Sexual harassment - changes ahead?
Following #MeToo, a consultation was launched by the Government in July 2019 on Sexual Harassment in the Workplace, considering a number of potential areas for reform.
Following #MeToo, a consultation was launched by the Government in July 2019 on Sexual Harassment in the Workplace, considering a number of potential areas for reform. The Government has now published its response to this consultation, indicating that a number of changes will be introduced relating to sexual harassment in the workplace “when parliamentary time allows”.
A pro-active approach
One of the areas consulted upon was whether a new duty should be placed on employers to take proactive steps to prevent harassment in the workplace. Although employers are already liable for any harassment carried out by their employees at work (unless they have taken all reasonable steps to prevent it), sexual harassment is still widespread. A proactive duty was therefore proposed which would oblige employers to take more steps to prevent harassment from happening in the first place.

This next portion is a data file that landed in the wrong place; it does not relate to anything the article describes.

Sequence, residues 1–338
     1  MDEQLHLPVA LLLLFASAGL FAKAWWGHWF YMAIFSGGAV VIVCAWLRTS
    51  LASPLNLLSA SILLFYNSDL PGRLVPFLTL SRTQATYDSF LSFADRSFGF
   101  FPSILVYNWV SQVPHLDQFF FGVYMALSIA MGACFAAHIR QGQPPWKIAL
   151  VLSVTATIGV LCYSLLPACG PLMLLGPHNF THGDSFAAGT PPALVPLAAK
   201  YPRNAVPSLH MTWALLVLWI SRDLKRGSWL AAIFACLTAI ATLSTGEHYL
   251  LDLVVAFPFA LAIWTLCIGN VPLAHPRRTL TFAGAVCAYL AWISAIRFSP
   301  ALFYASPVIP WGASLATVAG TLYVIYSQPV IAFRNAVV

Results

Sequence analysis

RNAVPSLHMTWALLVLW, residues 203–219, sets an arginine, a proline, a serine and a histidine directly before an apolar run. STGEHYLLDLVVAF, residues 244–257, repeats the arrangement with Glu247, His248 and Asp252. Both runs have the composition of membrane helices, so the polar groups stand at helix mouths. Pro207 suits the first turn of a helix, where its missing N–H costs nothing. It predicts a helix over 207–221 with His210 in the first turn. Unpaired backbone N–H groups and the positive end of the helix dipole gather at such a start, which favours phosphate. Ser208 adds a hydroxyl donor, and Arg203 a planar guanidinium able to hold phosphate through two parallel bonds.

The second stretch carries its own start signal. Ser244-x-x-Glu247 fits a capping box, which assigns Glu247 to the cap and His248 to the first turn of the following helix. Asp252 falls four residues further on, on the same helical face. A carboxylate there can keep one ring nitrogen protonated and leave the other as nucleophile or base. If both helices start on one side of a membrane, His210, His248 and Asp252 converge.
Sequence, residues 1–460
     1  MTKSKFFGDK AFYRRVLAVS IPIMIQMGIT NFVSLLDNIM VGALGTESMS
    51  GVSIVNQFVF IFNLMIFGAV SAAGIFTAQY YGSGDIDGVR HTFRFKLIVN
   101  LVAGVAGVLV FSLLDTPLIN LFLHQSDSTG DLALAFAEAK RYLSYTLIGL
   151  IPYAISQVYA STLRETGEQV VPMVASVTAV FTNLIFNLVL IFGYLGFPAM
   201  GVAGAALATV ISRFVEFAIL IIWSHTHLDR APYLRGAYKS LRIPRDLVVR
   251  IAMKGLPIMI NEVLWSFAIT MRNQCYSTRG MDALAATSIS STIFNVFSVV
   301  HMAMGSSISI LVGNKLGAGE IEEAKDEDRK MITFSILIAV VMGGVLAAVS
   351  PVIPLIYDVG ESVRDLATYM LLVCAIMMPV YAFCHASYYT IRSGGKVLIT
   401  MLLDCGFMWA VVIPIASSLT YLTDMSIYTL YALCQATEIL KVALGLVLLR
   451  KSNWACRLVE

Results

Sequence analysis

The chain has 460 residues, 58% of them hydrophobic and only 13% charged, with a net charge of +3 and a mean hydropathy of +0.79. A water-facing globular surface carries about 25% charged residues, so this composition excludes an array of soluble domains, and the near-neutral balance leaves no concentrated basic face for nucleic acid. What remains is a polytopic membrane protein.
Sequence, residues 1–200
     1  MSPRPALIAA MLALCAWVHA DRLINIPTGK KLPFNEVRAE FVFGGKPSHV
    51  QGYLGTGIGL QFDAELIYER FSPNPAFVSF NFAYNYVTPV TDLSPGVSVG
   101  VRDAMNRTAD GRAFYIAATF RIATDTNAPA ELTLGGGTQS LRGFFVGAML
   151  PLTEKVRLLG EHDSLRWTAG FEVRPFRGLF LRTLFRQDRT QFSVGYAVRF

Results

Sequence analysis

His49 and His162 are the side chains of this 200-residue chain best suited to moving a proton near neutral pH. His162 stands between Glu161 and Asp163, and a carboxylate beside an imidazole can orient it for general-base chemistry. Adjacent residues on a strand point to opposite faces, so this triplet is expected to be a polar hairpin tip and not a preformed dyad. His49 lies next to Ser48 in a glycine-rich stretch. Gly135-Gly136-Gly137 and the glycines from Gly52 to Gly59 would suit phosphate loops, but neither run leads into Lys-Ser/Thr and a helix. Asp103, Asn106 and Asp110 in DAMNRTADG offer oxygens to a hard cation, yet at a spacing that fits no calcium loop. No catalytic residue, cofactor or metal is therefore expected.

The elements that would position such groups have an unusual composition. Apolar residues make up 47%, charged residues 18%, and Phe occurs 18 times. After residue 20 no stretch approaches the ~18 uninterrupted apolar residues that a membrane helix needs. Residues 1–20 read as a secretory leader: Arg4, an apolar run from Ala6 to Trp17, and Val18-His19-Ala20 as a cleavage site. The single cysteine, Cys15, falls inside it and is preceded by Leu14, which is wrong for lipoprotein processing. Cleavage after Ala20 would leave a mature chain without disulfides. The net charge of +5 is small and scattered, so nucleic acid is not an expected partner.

The consultation included consideration of how such a duty would operate in practice – including who should be able to enforce the duty (an individual, the EHRC or both), and whether an act of harassment would be required before a claim could be brought, or whether a challenge could be brought on the basis of a breach of the duty alone.
The Government’s response confirms that it intends to go ahead with the introduction of a new duty obliging employers to take all reasonable steps to prevent harassment. However, the response states that an incident of harassment will still need to have taken place before a claim can be brought by an individual. This new duty would therefore seem to entirely stand or fall with the primary harassment claim – unless it will be possible for a tribunal to find that there was no harassment on the facts of the claim, but that the employer had nevertheless not taken steps to prevent harassment more generally.
No detail has been provided at this stage about the “compensation model” – and in particular whether this will be a fixed “penalty” that will apply nor how it will fit with the current method for calculating compensation in harassment claims.